FIRE IN THE NIGHT - robmellors

LABRADOR REVISTED

It was wonderful to be back at Labrador and with our friends Andy and Ana, catching up on our travels. Andy had some consular work to attend to on Friday morning so we took off with Ana to give him some space. Ana wanted to go and see people throw themselves off a cliff above Caldera. It took us sometime to realise that she was referring to a paragliding spot not the local Lovers' Leap! Of course, I was all fired up at the thought of being able to paraglide over the Nicoya Peninsula and so we took the car on one last journey up a dirt track to the flying site. Unfortunately, despite the fact that the wind was dead on to the face of the hill and wasn't above about 12 knots there were no pilots there so no chance of arranging a pleasure flight. Damn.

In the afternoon we had to return the car to the miserable Thrifty car rep in Roble. He proved just as difficult as he had when we rented the car and wanted to charge us an extortionate amount for exceeding our rental period by one day. I pointed out that I had phoned the San Jose office the previous Sunday to arrange the extra day and said it should be at the rate I had hired the car for in the first place. We argued back and forth and, once again, we had to call on Andy and Ana's skills to get a reduction. The moral? 'Be Thrifty - Rent Elsewhere'.

The following day being Ana's Birthday we did what she wanted. Marie Julia, her sister arrived on an early bus from San Jose and we took off for the local swimming pool, which was oddly quiet - we had it almost to ourselves. But it was great to be in the water to escape the heat and we spent a happy few hours there until our skin became too wrinkly. For the evening Jane and I treated the others to a meal at a Spanish owned restaurant in Caldera. All of us, except for Andy, opted for the Paella which, when it arrived, was stuffed full of fish, inluding no less than 6 lobsters. We all agreed it was one of the best Paellas we've ever tasted.

Sunday was again Ana's choice of treat and she opted for a trip to an Oyster fishery on the Nicoya Peninsula. This involved taking a morning ferry out of Punteranas and being picked up by a little boat the other end. Oyster farming is only just starting in Costa Rica and there is an increasing demand for this normally expensive commodity from restaurants. Our guide, Alexandra, explained some of the logistics of Oyster farming. They are grown within rope 'bags' on long lines suspended in the sea. This fishery doesn't use artificial feeding just the natural micro-nutrients that are in the sea.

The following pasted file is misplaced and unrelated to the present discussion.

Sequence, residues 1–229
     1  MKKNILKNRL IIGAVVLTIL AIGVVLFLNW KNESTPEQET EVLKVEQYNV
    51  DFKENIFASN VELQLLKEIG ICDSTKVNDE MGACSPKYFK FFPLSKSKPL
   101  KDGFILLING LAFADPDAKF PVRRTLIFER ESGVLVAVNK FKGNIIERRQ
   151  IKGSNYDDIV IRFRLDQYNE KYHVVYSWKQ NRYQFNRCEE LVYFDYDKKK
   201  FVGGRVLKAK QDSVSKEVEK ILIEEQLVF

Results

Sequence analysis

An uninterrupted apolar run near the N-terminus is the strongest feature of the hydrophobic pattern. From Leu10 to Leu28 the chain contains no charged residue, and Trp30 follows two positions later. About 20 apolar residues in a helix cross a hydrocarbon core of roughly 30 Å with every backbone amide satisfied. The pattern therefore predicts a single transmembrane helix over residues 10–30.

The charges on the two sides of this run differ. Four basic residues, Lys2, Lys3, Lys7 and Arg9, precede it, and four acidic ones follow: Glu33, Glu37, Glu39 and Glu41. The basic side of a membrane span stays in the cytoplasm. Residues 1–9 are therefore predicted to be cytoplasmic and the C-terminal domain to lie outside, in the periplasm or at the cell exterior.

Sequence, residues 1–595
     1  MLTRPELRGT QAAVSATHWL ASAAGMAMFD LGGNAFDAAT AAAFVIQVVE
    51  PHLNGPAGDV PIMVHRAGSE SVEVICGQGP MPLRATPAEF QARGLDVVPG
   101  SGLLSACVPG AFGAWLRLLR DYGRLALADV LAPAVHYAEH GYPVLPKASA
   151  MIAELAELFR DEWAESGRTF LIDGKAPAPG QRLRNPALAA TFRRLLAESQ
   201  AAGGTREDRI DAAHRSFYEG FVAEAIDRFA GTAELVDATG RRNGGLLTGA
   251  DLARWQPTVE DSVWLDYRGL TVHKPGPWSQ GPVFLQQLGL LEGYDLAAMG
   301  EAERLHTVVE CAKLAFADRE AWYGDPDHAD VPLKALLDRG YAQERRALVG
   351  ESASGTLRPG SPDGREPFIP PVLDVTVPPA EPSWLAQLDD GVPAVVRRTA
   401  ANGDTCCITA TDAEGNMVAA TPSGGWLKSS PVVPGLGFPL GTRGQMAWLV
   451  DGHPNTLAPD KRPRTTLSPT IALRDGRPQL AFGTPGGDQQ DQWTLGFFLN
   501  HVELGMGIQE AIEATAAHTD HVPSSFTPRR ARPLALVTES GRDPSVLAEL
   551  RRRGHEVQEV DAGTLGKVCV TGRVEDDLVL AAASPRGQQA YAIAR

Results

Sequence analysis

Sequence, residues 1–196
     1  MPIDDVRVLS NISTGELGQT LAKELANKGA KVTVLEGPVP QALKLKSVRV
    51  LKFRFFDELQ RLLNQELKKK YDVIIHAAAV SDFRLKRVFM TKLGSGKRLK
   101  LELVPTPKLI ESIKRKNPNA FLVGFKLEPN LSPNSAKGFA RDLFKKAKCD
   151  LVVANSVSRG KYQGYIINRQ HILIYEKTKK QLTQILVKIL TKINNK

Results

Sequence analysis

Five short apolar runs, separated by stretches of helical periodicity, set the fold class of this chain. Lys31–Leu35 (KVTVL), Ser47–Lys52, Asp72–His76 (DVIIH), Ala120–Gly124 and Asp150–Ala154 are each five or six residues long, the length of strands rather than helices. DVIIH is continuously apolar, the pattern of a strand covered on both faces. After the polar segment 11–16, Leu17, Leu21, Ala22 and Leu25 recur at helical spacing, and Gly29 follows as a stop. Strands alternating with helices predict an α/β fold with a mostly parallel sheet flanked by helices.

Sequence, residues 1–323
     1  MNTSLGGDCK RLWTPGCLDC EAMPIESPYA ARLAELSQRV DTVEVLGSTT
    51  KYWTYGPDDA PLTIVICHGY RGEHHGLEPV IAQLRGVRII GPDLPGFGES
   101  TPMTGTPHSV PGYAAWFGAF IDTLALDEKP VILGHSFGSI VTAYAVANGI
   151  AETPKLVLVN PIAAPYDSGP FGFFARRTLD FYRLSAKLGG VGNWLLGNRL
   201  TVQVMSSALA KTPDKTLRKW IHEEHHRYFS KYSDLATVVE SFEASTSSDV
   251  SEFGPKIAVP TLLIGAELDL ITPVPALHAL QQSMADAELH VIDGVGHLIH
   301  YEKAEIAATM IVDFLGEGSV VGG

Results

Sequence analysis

After a time Alexandra announced it was time to eat fresh oysters - 10 each for the five of us. Now Ana is a great oyster fan - the rest of us were oyster virgins. Unfortunately for me, I had been feeling just a little unwell following the ferry crossing. I don't as a rule suffer sea sickness and I wasn't sure that I had it now but I was feeling definitely off colour and when Alex started shucking oysters I wasn't that interested in trying them. But, I did try chewing on a few. I found them very salty and also very sharp from the lemon juice squeezed over them. And, if I'm honest, I can't really see what all the fuss is about. Yes they tasted of the sea and they weren't gross but I can't say that I would pay a lot of money for them.

Ana, on the other hand was in 7th heaven and declared these the best (and certainly freshest) oysters she'd tasted. Marie Julia also developed a taste for them and between them the sisters polished off most of the shells. Like me, Andy and Jane found the oysters OK but nothing to write home about. One of the things that amazed me about this trip was the size of the oyster when it is a 'baby'. It's about the size of a grain of sand and I guess there must be hundreds of thousands oyster spawn floating about the ocean at any time.

So that was the weekend and we looked forward to spending our final two days with our friends in a relaxed manner; except that on Monday evening, before we'd had time to prepare dinner, a neighbour spotted a fire at the bottom of the casa's garden. There was a large pile of leaves and wood piled up against the boundary fence and stretching towards the house and it was burning merrily. Labrador is out in the sticks and the nearest Bomberos (firemen) were miles away so it was all hands on deck to tackle the fire. We didn't have much to fight it with and so, whilst Jane and Ana filled a dustbin with water from the car washing hose, Andy, me and Jairo (a neighbour) rushed back and forth with buckets of water trying to damp down the flames and embers. It was a serious business. Everything was tinder dry and if the fire had got hold it could have threatened all the mango trees not to mention the house.

Ana phoned the fire brigade whilst we dashed to and fro like mad things. The Bomberos took over an hour to arrive - because they couldn't find us - they obviously didn't have sat nav and Jane had to dash up the road to guide them in. By that time our efforts had brought the fire mostly under control and they were able to finish the job for us with their high pressure hose.

After all of that I think we were all feeling tired, even the youngster Jairo, and a little shaken. We didn't know how the fire had started but, as they say (in the best Miss Marples voice), foul play could not be ruled out. To add to Andy's woes, a leak was discovered in his car radiator and a replacement could not be found in time for him to take us to the airport for our flight to New York on the Wednesday. Once again, Jairo steeped into the breach and took us there with Andy and Ana coming along to bid us farewell. So with hugs, kisses and few tears we said goodbye to our friends for the time being. We'd had a great trip, seen many new things, visited different places and fought both heat and fire. Here's to the next time.


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